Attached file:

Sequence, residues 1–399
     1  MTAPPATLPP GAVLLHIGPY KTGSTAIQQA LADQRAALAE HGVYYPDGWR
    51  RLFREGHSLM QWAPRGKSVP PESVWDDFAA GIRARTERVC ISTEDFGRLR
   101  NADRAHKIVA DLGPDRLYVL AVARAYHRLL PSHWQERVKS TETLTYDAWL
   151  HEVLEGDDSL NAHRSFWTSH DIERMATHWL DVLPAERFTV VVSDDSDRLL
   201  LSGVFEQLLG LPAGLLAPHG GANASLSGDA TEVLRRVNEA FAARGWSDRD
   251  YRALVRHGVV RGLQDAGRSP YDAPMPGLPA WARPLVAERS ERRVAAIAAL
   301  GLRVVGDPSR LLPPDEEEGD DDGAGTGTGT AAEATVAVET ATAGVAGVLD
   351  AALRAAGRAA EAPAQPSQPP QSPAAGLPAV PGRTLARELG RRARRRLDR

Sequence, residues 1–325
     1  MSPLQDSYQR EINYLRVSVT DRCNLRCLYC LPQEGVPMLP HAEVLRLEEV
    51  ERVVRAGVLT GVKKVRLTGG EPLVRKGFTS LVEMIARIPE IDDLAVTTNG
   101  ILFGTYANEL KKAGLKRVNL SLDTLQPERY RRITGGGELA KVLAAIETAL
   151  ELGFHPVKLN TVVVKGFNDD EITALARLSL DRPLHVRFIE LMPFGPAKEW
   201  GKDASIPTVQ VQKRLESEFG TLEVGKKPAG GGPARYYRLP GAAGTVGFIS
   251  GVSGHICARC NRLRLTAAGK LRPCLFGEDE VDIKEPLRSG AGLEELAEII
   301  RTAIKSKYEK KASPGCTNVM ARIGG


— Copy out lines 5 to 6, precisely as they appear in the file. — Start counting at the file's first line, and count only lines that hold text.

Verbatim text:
   151  HEVLEGDDSL NAHRSFWTSH DIERMATHWL DVLPAERFTV VVSDDSDRLL
   201  LSGVFEQLLG LPAGLLAPHG GANASLSGDA TEVLRRVNEA FAARGWSDRD